Each weekday last week, I was planning on posting a pair of mini-reviews covering selections from the latest additions to the LCBO’s Whisky Shop premium whisky program, and the products in the LCBO’s Spring 2011 Specialty Beer promotion. Due to various factors, I was unable to get Friday’s post done in time, so here it is now…
If you know whisky, you’re probably aware of the stir that Compass Box and its founder/whiskymaker John Glaser has caused in the whisky world in the last decade or so. Even as a casual whisky drinker, I’ve been aware of the cult-like status that Glaser has developed for his products, as well as the controversy that some of them have caused. (Google “John Glaser” and “Scotch Whisky Association” together to get a taste of the latter.) In simple terms, Glaser obtains whiskies from various distilleries, combines them, and then matures the blends in different woods to create artisanal blended whiskies that are ranked as high as premium single malts by many aficionados. Spice Tree is one of Glaser’s Signature Series whiskies, and the appropriateness of the name comes clear from the moment it’s poured, as big notes of clove and ginger come forward, with supporting notes of cinnamon, vanilla and orange peel. Ginger dominates the palate as well, with toasted oak, vanilla and cinnamon behind, along with a developing hint of nutmeg, and a whiff of wood smoke.
Gouden Carolus Hopsinjoor (LCBO 211284 – $3.10/330 mL)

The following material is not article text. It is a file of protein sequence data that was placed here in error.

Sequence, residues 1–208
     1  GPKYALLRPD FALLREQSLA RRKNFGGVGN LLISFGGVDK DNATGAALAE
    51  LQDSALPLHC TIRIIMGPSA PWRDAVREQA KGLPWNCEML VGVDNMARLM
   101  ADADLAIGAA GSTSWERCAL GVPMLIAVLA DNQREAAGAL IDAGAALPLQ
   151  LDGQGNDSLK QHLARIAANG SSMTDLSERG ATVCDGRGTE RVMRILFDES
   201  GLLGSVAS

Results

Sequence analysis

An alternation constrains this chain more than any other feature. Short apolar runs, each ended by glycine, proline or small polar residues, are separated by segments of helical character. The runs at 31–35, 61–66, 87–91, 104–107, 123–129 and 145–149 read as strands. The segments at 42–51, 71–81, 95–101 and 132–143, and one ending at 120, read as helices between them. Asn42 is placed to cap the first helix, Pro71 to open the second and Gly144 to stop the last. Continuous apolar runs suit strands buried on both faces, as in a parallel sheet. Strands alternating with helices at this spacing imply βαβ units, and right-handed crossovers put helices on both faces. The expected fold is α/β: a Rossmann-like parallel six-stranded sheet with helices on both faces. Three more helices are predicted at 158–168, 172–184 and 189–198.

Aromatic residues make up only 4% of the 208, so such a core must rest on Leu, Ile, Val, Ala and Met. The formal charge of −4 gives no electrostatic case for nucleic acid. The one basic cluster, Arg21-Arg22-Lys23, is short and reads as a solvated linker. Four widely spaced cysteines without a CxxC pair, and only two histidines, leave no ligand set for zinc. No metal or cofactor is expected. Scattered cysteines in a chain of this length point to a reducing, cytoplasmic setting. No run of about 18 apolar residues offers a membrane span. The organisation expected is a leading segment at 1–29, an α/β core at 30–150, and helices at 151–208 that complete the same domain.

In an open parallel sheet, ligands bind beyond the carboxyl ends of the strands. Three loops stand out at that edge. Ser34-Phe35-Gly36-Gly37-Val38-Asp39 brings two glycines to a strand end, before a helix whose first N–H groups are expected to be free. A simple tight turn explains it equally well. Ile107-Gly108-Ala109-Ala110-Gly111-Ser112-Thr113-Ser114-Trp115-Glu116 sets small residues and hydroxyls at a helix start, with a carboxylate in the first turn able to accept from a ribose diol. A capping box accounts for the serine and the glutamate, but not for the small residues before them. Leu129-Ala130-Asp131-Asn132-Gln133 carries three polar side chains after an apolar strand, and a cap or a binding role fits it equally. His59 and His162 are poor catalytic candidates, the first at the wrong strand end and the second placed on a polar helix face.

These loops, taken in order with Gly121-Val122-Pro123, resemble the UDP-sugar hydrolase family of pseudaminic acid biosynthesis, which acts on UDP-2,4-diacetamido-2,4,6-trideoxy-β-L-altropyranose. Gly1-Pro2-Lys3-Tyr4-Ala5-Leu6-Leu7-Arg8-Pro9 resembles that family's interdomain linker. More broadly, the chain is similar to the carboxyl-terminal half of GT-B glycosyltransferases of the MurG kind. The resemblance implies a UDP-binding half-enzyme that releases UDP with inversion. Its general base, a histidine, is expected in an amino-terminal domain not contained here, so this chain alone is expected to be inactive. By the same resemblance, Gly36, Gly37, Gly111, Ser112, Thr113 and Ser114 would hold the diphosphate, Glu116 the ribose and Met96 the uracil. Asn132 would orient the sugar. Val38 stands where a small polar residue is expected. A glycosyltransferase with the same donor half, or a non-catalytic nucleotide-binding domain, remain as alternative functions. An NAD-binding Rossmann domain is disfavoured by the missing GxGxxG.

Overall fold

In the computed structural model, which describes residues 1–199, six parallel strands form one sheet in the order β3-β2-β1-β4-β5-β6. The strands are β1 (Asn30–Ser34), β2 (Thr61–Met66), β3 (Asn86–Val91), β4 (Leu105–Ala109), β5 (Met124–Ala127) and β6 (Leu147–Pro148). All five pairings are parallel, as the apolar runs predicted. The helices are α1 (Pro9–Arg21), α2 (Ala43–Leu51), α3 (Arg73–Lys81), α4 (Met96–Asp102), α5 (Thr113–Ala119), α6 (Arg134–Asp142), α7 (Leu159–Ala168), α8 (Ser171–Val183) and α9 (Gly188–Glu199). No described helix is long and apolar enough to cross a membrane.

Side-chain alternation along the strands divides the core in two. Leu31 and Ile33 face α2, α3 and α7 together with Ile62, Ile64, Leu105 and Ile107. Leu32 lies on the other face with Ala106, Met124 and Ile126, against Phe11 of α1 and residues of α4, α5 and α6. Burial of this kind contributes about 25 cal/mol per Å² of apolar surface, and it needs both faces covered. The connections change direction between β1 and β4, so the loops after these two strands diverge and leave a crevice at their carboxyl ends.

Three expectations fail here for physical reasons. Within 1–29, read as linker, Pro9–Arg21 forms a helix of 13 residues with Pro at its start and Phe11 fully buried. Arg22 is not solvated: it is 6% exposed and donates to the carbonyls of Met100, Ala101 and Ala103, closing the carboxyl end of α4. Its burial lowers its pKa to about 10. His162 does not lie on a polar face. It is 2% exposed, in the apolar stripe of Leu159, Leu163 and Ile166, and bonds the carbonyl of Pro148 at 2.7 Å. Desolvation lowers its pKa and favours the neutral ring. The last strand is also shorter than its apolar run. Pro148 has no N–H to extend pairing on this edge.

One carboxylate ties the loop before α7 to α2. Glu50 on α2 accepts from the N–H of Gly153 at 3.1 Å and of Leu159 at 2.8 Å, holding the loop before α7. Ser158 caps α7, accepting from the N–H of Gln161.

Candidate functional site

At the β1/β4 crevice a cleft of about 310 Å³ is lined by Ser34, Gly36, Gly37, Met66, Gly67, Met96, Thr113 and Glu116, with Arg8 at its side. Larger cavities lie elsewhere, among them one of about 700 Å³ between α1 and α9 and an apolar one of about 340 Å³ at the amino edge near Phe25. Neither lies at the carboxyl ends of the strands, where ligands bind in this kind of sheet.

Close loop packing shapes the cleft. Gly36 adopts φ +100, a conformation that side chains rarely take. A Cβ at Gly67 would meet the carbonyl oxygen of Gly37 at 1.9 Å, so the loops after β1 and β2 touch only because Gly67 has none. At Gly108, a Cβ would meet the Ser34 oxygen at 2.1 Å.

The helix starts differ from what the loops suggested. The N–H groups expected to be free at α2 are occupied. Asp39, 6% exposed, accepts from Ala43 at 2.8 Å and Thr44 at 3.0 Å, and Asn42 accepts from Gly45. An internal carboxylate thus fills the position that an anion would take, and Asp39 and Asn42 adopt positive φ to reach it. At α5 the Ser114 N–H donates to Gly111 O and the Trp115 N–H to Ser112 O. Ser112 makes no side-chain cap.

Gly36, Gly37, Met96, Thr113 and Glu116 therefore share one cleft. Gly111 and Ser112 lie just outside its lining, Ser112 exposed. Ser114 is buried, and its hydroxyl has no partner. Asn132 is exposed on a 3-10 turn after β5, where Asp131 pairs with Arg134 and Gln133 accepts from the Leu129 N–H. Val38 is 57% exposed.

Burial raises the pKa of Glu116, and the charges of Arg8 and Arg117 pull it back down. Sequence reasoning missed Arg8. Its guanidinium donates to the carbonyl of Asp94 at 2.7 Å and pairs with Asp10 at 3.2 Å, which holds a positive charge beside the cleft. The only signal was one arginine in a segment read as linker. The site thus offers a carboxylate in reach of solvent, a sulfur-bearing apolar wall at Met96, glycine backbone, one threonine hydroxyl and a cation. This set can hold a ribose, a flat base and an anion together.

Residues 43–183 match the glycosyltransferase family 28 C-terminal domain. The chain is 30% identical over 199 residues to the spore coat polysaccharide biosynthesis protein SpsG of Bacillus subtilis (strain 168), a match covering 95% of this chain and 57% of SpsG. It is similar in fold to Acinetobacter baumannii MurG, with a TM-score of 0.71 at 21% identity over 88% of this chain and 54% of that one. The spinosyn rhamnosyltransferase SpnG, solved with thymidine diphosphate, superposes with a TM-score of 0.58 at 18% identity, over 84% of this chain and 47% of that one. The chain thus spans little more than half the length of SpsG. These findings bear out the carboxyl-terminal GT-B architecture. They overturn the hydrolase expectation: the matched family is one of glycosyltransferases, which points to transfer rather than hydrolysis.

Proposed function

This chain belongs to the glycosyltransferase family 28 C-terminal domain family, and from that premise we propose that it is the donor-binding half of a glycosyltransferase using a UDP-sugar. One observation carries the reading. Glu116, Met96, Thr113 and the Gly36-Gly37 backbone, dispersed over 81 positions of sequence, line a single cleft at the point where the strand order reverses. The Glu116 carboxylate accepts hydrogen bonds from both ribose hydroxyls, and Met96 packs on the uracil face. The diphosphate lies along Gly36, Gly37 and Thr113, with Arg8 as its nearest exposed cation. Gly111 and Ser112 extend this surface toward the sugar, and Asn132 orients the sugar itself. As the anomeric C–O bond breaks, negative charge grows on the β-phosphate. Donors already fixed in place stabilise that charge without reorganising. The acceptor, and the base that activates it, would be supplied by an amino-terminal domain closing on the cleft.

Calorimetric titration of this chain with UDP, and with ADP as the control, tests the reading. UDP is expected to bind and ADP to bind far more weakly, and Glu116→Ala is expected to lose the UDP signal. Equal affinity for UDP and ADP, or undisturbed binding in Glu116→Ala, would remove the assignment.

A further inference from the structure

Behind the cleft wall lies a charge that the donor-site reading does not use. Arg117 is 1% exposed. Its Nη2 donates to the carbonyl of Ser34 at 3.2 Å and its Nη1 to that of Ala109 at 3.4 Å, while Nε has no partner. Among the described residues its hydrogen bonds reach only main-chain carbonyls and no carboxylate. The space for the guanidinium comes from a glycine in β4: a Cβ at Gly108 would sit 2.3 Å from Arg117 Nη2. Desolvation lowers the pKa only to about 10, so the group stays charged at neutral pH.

Just as the whiskies of Compass Box are considered unorthodox, so too can Gouden Carolus Hopsinjoor be looked at as a bit of an oddity, and a product of a modern and experimental beer culture. For years, the ales of Belgium have been known to emphasize aromas and flavours produced primarily by malt and yeast, with hops playing a backing role. But more recently, as the hops-forward beers favoured by many American breweries have started filtering back to the Old World, some brewers there have been cutting loose and beefing up the hops in their recipes. Hopsinjoor is one of those beers, brewed using four strains of hops, each added at a different point in the brewing process to bring out their aromas and flavours to full effect. It pours a beautiful golden colour with a vague haze and a huge cap of rocky white foam. Forcing their way through the head are rich aromas of peppery yeast, fruits like pineapple and orange, some lemon zest, and a slightly medicinal pine-like note. The body is quite active, giving a crisp and effervescent mouthfeel that cleanses the palate and lets the hops shine through in the flavour, with notes of grapefruit, pine sap and cut grass, along with hints of banana and pineapple, and a bit of pepper in the finish.